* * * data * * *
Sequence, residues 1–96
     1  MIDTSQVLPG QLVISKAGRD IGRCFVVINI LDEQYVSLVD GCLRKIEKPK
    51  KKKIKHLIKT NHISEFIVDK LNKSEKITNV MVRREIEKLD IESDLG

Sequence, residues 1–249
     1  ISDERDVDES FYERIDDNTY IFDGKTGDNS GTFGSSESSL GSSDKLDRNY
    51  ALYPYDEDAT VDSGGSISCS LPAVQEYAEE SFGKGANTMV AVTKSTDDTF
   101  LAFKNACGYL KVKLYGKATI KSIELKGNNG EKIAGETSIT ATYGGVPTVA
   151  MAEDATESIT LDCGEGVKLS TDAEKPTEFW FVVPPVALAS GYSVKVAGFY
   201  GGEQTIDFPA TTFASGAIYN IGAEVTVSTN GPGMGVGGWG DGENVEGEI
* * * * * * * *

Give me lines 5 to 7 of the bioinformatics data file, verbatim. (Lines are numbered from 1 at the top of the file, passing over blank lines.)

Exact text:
     1  ISDERDVDES FYERIDDNTY IFDGKTGDNS GTFGSSESSL GSSDKLDRNY
    51  ALYPYDEDAT VDSGGSISCS LPAVQEYAEE SFGKGANTMV AVTKSTDDTF
   101  LAFKNACGYL KVKLYGKATI KSIELKGNNG EKIAGETSIT ATYGGVPTVA